Many departments have both a traditional style thesis/dissertation and a journal style thesis/dissertation. Please check with your adviser to determine which style you should write.
Students may choose to use the provided Word template to format the thesis/dissertation or create their format. If you are using the template, review the instructions for using it prior to beginning the process. The template is designed for APA format, but can be adapted to other styles. If you would like to format your own document please use the formatting guidelines.
If you are using MLA formatting, you may use this template formatted to MLA 7th edition guidelines.
Each chapter is often a different journal article. An optional introductory first chapter or summary last chapter, or both, may be included. In each journal article chapter (i.e., article), the section headings, tables, figures, and references/literature cited must be formatted according to the specifications of the journal to which you plan to submit the article. Accordingly, each chapter may be formatted differently.
A copy of the “Instructions to Authors” from each relevant journal publisher, and a sample journal article that illustrates figures, tables, section designations, literature cited/references format, etc., must be included with the thesis or dissertation when it is delivered to the Examiner for the format check.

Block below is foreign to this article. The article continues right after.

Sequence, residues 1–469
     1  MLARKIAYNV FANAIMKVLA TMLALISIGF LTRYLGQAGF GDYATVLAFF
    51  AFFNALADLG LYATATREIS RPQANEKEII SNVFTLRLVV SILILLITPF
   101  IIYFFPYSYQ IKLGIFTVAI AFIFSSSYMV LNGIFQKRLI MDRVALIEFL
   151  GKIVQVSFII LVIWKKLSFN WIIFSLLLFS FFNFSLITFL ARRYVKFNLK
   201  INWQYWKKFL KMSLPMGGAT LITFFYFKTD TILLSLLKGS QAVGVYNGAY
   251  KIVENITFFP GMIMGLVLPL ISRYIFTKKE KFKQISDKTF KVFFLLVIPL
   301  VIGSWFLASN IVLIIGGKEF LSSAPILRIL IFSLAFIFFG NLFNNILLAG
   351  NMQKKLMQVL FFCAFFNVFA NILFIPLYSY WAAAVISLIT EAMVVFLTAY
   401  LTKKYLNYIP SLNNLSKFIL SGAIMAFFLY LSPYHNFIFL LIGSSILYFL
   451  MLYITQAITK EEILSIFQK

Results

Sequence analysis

Every discipline has its own style expectations. Your committee will generally provide you with precise guidance on the contents and style for your thesis/dissertation. Before you begin to write, check the list of style manuals selected by your department/school. If you have several choices, find out from your committee which style manual to follow and review it carefully along with the University’s format requirements. If you discover a conflict between the instructions in your style manual and the University requirements, check with the Graduate School immediately.
Milner Library’s RefWorks, can help you set up a free program to manage and format your citations right from the beginning of your research.
Employing an Editor
Most graduate students edit and type their own theses/dissertations. The Graduate School doesn’t endorse or recommend any specific editors or typists. Employing an editor or typist does not guarantee that the document will meet the University’s requirements. Whether you choose to hire one of these professionals or do the work on your own, it remains your responsibility to meet all requirements and deadlines.